N 250 204 237 225 44
* p < 0.05; a - No correlation could be computed.

Which Predictor Variables are Associated with Perceived Technology Impacts Overall?
In this section we explore the relationship between the individual predictor variables and
the composite measure of impact for all the sources of evidence taken together. Doing so
combines evidence and opinion without regard for the direction of the relationship between
variables coded dichotomously (e.g., applies, does not apply). In other words, we can
conclude whether a factor is associated with technology impacts overall but not whether the
direction of the influence is positive or negative.
A Review of E-learning in Canada: Page 21 of 47
In Table 11 we report the overall perceived impacts of e-learning across sources of
evidence. The composite Impact measure is positive in a majority of the documents
regardless of the source of evidence. If all the documents from a single source were positive
the mean would be +1.00 and the standard deviation would be zero, indicating uniform
evidence. That most of the averages were high, with small standard deviations, suggests that
the view that e-learning has deleterious effects is an unpopular one, which has received little
general support in the primary evidence and literature reviews of evidence.
Table 11. Overall perceived impacts of e-learning across sources of evidence
Document Source Mean N SD
General public opinion 0.77 190 0.52
Trade/ practitioners position 0.82 90 0.40
Policy making reports 0.76 67 0.39
Scholarly academic reviews 0.68 95 0.49
Primary empirical research 0.67 128 0.46
Total 0.74 570 0.47
F (4, 565) = 1.95, p = 0.10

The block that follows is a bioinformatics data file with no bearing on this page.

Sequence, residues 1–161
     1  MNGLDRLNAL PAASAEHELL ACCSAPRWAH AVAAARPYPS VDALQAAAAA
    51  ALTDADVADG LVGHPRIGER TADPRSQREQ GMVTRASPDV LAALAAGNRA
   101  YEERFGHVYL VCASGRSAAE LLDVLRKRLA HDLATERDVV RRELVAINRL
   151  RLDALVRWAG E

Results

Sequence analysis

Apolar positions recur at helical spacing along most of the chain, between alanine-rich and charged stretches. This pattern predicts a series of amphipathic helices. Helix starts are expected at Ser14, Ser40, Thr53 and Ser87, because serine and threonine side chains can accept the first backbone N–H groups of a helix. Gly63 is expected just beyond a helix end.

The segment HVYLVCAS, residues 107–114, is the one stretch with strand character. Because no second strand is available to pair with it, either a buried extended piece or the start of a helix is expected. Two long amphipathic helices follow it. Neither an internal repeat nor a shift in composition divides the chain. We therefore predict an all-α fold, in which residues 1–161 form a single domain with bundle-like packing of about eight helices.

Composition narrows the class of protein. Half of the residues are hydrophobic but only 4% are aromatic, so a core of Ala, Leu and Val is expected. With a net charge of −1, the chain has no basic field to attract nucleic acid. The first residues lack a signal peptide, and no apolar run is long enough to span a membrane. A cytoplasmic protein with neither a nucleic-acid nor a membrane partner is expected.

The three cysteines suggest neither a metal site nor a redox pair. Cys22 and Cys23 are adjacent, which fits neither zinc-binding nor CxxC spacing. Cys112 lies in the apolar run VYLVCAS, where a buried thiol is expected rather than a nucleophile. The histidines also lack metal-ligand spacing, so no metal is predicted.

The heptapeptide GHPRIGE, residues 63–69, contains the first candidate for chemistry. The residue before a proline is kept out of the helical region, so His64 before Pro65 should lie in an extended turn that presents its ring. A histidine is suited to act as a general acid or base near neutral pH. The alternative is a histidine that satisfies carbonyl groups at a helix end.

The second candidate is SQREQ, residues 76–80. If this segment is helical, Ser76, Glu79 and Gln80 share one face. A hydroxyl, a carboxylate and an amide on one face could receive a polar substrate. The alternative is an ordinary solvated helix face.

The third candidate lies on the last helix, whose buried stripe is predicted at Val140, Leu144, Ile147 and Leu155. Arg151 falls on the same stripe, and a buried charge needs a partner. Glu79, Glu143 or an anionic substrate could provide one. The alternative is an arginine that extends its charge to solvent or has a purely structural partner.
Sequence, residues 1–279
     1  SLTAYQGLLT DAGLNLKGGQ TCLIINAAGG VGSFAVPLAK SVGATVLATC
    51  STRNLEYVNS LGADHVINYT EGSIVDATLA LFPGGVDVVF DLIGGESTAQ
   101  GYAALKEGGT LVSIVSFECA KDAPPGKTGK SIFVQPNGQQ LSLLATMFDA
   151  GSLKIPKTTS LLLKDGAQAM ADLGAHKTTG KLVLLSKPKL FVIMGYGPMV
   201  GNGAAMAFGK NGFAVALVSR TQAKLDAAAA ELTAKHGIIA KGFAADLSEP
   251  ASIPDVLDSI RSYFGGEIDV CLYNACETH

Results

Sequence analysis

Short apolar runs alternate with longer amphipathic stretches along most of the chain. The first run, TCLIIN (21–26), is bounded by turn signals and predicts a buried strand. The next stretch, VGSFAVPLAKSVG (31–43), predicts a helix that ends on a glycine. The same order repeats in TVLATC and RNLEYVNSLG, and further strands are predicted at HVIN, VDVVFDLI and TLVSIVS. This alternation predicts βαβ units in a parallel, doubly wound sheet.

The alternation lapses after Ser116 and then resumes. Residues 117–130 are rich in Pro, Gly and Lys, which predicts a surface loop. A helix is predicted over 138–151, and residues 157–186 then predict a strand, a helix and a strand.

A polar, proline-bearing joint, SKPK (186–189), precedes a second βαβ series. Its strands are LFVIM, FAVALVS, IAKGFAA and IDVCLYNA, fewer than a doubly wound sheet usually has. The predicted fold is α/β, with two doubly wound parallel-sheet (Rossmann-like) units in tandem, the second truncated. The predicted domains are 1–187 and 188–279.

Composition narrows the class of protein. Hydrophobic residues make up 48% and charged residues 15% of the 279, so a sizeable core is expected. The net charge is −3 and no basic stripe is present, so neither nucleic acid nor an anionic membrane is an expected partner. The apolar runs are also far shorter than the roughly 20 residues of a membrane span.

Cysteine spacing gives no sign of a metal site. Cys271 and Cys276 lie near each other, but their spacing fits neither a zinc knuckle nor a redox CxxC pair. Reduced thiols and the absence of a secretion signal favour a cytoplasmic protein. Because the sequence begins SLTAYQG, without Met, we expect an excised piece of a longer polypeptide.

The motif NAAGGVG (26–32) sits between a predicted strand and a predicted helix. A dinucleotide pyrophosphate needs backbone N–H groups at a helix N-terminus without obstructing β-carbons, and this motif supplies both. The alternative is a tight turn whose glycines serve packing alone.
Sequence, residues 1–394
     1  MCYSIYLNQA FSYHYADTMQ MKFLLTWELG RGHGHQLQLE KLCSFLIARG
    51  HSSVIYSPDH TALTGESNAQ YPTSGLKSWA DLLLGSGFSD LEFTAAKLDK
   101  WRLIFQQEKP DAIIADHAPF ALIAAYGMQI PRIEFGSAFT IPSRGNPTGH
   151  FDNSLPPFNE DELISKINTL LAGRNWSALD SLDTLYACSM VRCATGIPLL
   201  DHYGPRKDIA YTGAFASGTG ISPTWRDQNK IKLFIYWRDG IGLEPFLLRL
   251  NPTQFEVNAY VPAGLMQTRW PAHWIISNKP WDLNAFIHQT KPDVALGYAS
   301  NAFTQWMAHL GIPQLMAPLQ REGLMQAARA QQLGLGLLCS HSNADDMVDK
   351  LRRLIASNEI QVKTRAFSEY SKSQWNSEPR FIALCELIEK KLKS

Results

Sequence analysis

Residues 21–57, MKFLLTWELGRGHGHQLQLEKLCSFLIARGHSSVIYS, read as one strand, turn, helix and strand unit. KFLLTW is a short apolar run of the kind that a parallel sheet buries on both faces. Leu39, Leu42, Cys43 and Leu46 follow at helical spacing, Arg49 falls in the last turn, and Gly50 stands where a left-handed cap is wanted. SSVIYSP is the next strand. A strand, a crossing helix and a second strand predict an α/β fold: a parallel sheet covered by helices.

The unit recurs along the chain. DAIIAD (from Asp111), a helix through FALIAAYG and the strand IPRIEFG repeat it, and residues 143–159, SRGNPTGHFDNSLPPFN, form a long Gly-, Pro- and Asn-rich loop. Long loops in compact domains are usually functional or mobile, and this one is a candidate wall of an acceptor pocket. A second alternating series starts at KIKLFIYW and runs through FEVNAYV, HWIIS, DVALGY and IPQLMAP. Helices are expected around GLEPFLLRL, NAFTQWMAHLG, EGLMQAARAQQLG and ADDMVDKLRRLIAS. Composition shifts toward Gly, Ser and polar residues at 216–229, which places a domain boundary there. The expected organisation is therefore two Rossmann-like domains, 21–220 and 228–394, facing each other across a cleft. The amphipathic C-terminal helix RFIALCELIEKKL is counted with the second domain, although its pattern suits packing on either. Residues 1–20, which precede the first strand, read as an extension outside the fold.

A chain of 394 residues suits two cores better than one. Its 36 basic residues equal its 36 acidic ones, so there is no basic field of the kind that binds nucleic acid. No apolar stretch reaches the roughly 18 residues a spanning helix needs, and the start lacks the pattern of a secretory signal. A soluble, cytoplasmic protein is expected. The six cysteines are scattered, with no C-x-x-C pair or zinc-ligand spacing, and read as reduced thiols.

An examination of the perceived impacts of e-learning across theme areas showed
uniformly positive results except for early childhood education. See Table 12. There were
only seven studies in this area. This may indicate apprehension about using e-learning for
children prematurely, the difficulty of research, or a general lack of interest in the topic for
young children.
Table 12. Overall perceived impacts of e-learning across theme areas
CCL Theme Areas Mean N SD
Adult Education 0.79 23 0.38
Early Childhood Education 0.17 7 0.89
Elementary/Secondary Education 0.72 180 0.51
Postsecondary Education 0.75 288 0.45
Health and Learning 0.80 51 0.40
Not Specified 0.73 21 0.39
Total 0.74 570 0.47
F (5, 564) = 2.302, p < 0.05
According to Table 13, there were significant differences in the overall perceived impacts
of e-learning depending on the context of technology use. Impacts are larger in distance
learning contexts and smaller in face-to-face learning situations. The benefits of e-learning at
a distance may be enhanced when technology is understood to be a necessary condition for
learning and instruction.

A Review of E-learning in Canada: Page 22 of 47


Table 13. Overall perceived impacts of e-learning across the contexts of technology use
Context of Technology Use Mean N SD
Face-to-Face 0.60 108 0.58
Hybrid 0.75 80 0.46